Elizabeth Ernst

WMST 101

October 15, 2001

Dialogue Journal #6

Racism is something I have always thought I was pretty well educated on until I read the text readings for this week.  When I read the introductory section, “Take a Closer Look: Racism in Women’s Lives”, I did not think too much of what was said.  It all sounded a lot like what I have always thought about racism.  However, in all of the readings that followed, I once again became more and more aware of how little I know about major issues in our society today.

            I could not believe some of the examples used in Beverly Daniel Tatum’s article, “Defining Racism: Can We Talk?”  For instance, with the research project one of Tatum’s students did with a group of three- and four-year-olds.  She asked the children to draw a Native American and they did not know what she was talking about until she asked them to draw an “Indian”.  She then went on to say how “[a]lmost every picture included…feathers…and depicted the person in violent or aggressive terms.”  Another part of Tatum’s article was how she pointed out that even if we are not a member of the Ku Klux Klan, or constantly using racist terms, if we are not truly actively antiracist and strongly working against racism, then we are just as bad as someone who is actively or even passively racist.

            I found I could really relate to Adrienne Su’s “Codes of Conduct”.  She talked about how when she grew up in the South, no one ever acknowledged the fact that she was Chinese.  “Reality is what everyone says it is.”  She used the example of how when she came home from college and was discussing the Asian classes she was taking to learn more about her culture, with her best friends’ parents, there was an awkward silence because “I had carelessly dragged the conversation into never-never land, the land of what made me different.”  The reason this story hit so close to home for me is because I have often times been on the other side of Su’s story.  I have never asked any of my African American or Asian friends about their culture.  Certainly not because I am not interested in it, but because I thought if I pointed out they were “different” from me it would offend them. 

            I also really enjoyed the two poems we read.  Chystos’s, “I am not Your Princess” made me angry.  Not towards Native Americans, but towards my ancestors who came here years ago and “claimed” this land as their own.  “If you ever/ again tell me/ how strong I am/ I’ll lay down on the ground & moan so you’ll see/ at last  my human weakness”.  Castro’s, “Take a Closer Look” also upset me.  It made me sad to see how she had such low self-esteem simply because of the cruelty of other towards her because of the color of her skin.  “Take a closer look/ because inside/ my insecurities/ you will find/ that the reasons/ arise from the/ cobwebbed minds/ of those who cannot see/ any beauty in faces darker than their own.”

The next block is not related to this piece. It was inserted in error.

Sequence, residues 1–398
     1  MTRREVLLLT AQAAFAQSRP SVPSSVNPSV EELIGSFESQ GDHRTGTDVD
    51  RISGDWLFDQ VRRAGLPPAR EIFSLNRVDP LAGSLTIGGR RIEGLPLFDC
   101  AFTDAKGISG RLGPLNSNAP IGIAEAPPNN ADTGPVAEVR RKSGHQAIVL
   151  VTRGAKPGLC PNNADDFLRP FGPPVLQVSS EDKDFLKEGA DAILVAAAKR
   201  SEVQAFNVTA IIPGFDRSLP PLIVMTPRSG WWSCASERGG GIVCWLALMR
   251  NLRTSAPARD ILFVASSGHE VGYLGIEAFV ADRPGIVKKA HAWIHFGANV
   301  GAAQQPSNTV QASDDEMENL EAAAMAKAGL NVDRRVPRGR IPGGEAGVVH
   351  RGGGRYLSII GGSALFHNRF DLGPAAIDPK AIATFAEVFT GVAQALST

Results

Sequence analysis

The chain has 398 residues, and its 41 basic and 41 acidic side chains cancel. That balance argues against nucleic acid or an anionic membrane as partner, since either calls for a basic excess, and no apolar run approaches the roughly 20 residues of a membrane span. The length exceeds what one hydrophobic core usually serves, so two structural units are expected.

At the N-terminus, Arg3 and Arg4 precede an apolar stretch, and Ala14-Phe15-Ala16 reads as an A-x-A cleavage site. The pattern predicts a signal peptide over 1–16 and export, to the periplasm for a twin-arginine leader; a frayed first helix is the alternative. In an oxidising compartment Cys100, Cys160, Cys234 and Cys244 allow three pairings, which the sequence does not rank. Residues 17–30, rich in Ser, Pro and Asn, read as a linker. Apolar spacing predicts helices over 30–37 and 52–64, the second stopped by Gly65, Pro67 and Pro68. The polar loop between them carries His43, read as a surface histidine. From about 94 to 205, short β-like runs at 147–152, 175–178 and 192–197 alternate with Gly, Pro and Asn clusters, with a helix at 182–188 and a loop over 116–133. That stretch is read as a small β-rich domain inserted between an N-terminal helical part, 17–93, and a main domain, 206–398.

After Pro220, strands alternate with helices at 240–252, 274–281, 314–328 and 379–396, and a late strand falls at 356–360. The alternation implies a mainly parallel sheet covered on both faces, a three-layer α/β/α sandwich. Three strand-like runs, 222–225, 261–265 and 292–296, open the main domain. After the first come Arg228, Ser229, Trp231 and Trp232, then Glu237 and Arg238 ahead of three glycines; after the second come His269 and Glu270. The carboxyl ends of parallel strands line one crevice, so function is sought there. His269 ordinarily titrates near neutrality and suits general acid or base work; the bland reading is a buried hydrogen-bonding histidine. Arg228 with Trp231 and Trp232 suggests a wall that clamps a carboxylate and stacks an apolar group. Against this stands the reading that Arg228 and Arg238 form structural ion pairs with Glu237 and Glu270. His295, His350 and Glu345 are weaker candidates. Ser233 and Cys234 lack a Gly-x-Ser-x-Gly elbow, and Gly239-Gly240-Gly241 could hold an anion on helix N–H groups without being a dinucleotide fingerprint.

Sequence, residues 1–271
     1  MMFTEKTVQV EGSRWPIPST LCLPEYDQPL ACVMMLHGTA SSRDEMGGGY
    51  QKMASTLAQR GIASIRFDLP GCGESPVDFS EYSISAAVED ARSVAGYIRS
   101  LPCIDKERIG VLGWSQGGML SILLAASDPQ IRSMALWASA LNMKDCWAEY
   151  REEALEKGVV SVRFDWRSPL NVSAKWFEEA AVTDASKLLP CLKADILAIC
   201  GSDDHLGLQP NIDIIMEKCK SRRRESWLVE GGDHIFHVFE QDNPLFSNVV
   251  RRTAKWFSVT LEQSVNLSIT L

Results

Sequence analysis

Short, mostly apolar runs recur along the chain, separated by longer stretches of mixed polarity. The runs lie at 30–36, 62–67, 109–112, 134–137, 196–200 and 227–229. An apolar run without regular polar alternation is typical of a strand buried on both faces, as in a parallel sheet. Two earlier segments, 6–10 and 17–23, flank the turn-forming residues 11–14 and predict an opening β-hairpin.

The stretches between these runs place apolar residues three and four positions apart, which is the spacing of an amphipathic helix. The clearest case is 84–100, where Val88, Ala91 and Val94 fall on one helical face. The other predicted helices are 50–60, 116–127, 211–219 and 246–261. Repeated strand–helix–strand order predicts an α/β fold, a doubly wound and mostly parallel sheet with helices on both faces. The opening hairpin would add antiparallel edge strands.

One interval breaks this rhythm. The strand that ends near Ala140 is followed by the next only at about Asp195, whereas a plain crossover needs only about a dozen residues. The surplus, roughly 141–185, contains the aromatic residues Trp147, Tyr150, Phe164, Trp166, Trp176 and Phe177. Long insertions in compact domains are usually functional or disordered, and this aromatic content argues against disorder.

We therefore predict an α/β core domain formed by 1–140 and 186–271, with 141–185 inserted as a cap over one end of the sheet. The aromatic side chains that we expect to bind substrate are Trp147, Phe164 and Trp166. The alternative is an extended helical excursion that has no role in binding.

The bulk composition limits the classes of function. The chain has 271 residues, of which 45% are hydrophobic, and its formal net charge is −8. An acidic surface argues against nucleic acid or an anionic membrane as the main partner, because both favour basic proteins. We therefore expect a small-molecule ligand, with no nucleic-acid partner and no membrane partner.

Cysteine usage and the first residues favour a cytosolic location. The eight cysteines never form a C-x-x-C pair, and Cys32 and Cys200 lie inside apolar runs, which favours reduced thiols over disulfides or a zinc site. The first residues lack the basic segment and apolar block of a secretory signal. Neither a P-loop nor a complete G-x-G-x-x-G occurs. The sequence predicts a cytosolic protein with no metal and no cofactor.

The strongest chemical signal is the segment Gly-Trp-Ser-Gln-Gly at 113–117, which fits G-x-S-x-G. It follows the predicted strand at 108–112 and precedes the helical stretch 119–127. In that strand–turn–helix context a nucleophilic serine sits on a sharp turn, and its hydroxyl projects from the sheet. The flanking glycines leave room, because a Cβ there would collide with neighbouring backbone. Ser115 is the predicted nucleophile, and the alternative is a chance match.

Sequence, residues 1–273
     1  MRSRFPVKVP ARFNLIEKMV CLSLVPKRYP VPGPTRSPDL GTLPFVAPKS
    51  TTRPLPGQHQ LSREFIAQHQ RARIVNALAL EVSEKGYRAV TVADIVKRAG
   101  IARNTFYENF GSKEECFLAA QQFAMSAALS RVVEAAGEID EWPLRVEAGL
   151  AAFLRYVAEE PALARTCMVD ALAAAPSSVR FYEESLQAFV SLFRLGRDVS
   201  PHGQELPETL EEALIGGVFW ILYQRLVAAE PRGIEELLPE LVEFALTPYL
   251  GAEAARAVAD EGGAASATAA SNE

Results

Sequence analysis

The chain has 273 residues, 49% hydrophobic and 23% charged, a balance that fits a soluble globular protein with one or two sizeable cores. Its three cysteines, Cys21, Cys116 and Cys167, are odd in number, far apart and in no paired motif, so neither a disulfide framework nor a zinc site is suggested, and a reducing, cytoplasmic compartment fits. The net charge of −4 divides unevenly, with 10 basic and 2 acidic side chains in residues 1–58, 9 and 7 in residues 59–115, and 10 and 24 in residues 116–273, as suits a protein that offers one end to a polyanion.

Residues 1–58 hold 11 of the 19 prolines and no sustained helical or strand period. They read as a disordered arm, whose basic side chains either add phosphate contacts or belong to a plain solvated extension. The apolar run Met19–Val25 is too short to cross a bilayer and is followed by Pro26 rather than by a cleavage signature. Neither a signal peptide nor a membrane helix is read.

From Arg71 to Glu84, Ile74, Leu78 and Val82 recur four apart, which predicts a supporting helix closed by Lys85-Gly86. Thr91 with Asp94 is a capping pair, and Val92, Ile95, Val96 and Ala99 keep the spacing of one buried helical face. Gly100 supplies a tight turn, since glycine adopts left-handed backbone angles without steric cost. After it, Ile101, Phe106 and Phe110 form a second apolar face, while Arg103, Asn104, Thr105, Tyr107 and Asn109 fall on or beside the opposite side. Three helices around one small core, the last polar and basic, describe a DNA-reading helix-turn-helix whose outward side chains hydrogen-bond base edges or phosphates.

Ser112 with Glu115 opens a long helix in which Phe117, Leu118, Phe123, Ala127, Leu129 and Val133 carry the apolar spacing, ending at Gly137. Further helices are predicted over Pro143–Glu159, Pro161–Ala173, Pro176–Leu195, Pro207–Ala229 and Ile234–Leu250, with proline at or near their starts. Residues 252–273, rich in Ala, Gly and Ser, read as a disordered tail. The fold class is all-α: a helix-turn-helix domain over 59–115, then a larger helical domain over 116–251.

“White Privilege: Unpacking the Invisible Knapsack” by Peggy McIntosh and “Age, Race, Class and Sex: Women Redefining Difference” by Audre Lorde both made me see, yet again, how privileged I am.  McIntosh listed 20 things that she does not have to worry about simply because she is white.  The list included things like: “When I am told about our national heritage or about “civilization,” I am shown that people of my color made it what it is.” And: “I can choose blemish cover or bandages in “flesh” color and have them more or less match my skin.”  These are two examples of things I have completely taken advantage of.  Another thing that McIntosh pointed out that I had never really thought about is that fact that the reason most white students do not think racism concerns them is because they themselves are not people of color.

            Lorde made a lot of good points in her article as well.  One that I found particularly interesting was, “it is the responsibility of the oppressed to teach the oppressors their mistakes.”  So, the “oppressors” supposedly do not know how they are supposed to treat the “oppressed” because they are not educated about the differences between them. 

            I really did learn a lot from this weeks readings.  Up until I was about 12 years old I went to my grandparents house every day after school until my father got off of work.  While watching the news with my grandfather, or even just listening to him tell stories, I would hear him use “the n-word” at least once.  If he was not bad-mouthing an African American he was talking about a nurse he had in the hospital or someone he encountered at the store who “even though she was black she was really nice!”  Those comments always made me really angry.  And since I got upset at my grandfather’s ignorance and racist comments, I thought that surely meant that I was not racist.  But after reading the assigned articles and poems from the text I realized that I still do have prejudices, because according to Tatum, “we all have prejudices…simply because we are so continually exposed to misinformation about others.”